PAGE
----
I received my Amazon Web Services developer's news shot last week. It followed up on recent announcements that their Elastic Compute Cloud (EC2) offering was moving from Beta into General Availability. With that announcement came a Service Level Agreement (SLA) of 99.95% within a region and failing to do so would make customers eligible for service credits. OK, so this is no different to a managed hosting provider running your platform. The difference is the actual service: the elastic, utility style cost model, cloud scale and all round different to hosting-provider service!
The thing of course that interested me most recently about AWS was the ability to run Windows Server and SQL Server - just ahead of some of the announcements Microsoft will be making about it's Cloud Computing strategy at the MS Professional Developer's Conference. To quote Amazon: "...an ideal environment for deploying ASP.NET web sites, high performance computing clusters, media transcoding solutions...". But what appeared next was perhaps my first experience of the Cloud/Utility computing reality: "Pricing for Amazon EC2 running Windows Server begins at $0.125 per compute hour.". I personally consume Amazon S3 to store my personal data mirrored off my Windows Home Server, and I get the usage bill every month, but there was something about this that signaled to me that Cloud Computing for Microsoft based solutions was genuinely off to the races.
So Amazon's take on exploiting their platform for Cloud Computing is clear. Use classic on-premise technology with an underlying infrastructure that will scale, and a billing model to go with it. As an architect there are many questions, but there is one obvious one that interests me: If you have a very large amount of data, and the infrastructure is modelled towards scale-out not scale-up, how are you going to build in a partitioning scheme so it is palatable to each compute node? After all, am I going to get a a 128GB of RAM SQL Server node linked to a 5TB data file in EC2? With Amazon Elastic Block Store I can have 1TB but it can only be connected to one EC2 instance, and we are encouraged to manage multiple EBS volumes attached to each instance to drive IO throughput etc. So even though it is cloud, I still have a lot to think about in how to architect a solution to scale and perform.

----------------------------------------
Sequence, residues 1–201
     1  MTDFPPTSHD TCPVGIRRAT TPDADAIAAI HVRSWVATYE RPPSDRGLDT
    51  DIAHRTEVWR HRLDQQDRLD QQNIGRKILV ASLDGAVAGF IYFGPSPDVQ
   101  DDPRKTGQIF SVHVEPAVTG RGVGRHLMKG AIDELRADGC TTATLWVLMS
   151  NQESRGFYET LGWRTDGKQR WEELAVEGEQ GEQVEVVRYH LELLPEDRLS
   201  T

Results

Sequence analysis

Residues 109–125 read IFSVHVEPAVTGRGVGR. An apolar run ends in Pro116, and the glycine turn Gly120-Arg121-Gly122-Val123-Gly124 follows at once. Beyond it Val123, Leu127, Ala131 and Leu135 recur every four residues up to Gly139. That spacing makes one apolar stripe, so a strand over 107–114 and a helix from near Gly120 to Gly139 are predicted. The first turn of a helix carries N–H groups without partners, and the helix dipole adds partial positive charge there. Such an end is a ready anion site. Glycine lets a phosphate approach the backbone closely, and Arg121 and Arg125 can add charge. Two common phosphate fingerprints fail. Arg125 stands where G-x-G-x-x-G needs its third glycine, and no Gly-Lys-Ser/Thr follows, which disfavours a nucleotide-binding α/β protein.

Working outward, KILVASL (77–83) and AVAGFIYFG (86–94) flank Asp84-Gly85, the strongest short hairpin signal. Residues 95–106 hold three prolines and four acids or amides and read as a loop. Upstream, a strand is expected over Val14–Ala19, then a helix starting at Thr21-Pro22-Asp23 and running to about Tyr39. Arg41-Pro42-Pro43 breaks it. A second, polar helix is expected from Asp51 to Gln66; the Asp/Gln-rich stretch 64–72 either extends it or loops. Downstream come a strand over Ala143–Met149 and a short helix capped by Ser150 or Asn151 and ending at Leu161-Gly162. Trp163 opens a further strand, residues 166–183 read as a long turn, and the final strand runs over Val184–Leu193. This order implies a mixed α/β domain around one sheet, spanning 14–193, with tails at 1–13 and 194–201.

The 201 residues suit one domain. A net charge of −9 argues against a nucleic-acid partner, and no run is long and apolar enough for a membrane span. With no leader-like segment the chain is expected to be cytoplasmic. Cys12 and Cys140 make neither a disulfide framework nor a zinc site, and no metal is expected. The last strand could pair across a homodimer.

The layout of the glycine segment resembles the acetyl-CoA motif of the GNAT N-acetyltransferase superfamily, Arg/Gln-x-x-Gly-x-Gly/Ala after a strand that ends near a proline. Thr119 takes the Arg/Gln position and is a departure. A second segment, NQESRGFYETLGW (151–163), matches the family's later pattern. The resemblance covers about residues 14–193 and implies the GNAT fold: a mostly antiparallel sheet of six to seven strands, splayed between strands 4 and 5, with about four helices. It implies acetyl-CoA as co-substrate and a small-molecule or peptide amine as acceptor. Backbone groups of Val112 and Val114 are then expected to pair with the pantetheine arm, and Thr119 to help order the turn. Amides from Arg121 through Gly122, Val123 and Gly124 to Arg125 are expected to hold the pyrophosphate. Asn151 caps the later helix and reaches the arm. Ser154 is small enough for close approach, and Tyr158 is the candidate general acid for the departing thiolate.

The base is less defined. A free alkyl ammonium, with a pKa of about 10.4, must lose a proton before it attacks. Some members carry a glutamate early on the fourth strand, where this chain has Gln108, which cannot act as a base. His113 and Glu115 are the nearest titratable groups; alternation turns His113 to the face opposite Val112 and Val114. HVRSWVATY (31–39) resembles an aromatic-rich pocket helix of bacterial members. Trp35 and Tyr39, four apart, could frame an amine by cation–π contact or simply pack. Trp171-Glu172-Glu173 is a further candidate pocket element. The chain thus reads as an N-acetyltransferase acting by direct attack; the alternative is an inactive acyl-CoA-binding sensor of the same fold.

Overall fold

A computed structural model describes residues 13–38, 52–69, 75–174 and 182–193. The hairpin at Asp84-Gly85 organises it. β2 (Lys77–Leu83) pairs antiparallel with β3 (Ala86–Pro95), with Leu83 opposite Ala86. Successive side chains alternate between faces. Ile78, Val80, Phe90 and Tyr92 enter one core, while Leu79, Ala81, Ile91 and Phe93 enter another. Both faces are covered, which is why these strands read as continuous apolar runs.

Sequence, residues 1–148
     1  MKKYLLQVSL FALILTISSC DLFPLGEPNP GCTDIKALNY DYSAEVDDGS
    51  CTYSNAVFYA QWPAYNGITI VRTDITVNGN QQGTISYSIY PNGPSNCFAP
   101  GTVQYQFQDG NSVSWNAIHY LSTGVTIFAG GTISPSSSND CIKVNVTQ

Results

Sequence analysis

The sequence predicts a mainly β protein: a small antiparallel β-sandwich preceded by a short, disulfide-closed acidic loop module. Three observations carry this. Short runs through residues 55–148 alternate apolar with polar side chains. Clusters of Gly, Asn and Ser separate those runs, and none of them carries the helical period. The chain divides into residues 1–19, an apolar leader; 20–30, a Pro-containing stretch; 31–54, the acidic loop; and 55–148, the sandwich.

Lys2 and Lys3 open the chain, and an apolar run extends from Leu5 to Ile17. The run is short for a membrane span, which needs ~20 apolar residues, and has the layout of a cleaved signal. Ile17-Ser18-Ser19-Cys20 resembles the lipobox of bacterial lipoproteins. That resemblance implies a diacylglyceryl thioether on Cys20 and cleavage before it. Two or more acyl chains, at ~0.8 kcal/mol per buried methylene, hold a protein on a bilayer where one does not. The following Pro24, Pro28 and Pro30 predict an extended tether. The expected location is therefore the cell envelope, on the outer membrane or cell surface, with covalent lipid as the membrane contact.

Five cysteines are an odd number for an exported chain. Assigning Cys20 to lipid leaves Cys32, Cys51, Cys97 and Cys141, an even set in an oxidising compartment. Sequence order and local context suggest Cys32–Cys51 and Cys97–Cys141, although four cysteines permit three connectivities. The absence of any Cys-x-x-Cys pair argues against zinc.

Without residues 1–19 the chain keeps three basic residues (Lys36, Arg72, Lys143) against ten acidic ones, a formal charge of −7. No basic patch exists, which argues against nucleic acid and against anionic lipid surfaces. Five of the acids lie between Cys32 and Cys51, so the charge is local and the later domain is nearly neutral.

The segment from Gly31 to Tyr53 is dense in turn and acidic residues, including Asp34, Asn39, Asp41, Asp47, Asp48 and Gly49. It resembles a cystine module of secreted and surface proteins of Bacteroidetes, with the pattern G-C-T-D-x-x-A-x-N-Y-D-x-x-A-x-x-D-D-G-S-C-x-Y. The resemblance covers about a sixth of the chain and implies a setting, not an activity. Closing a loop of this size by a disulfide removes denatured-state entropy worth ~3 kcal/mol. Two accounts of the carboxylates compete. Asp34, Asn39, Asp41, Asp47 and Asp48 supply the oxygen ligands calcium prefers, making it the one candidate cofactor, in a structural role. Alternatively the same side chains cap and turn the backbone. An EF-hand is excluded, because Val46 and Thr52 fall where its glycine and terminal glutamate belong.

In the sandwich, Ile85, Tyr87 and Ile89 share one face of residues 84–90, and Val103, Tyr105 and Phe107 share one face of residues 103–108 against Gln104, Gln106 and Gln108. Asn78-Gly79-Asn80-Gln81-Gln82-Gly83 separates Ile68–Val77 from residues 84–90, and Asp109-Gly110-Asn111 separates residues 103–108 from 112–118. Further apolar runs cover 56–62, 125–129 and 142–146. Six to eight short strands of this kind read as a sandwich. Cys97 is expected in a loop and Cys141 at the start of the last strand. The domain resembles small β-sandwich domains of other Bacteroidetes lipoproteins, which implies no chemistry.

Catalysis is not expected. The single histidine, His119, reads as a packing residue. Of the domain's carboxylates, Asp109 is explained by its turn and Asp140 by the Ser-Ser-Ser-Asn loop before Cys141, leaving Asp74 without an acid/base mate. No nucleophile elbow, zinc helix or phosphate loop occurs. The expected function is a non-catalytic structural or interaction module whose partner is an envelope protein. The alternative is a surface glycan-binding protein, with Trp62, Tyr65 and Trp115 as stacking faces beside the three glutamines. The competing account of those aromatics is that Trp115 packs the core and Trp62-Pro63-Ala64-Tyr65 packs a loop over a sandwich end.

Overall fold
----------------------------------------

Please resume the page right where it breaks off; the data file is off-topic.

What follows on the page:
Remember that scalable does not mean “at large scale” it just means that the architecture can move from very small scale to very large scale where cost is commensurate with scale. Therefore those operating at small scale only need to have a scalable architecture even if they have yet to exploit this and move to large scale. Cloud computing could be for everyone not just people trying to recreate MySpace or Facebook.
So let's wait to hear this week about Microsoft's interpretation of what Cloud Computing means! From what I know it will represent a very interesting time for architects to apply their thinking power on how to properly exploit these platforms as well as how the economics influence the solutions we will build.
I have copied verbatim some of the AWS roadmap plans for completeness:
Lastly, to help its customers better plan their future hardware and software investments, AWS is providing visibility into plans to release several new features in 2009 that will make managing cloud-based applications even easier. These features will help provide even more cost-efficient consumption of Amazon EC2 and greater visibility into the operational health of applications running in the AWS cloud. These features include:
- Load balancing - Enables AWS customers to balance incoming requests and distribute traffic across multiple Amazon EC2 instances.
- Auto-scaling - Automatically grows and shrinks usage of Amazon EC2 compute capacity based on application requirements.
- Cloud monitoring - Enables AWS customers to monitor operational metrics of Amazon EC2, providing visibility into usage of the AWS cloud.
- Management Console - Provides a simple, point-and-click web interface that lets customers manage and access their AWS cloud resources.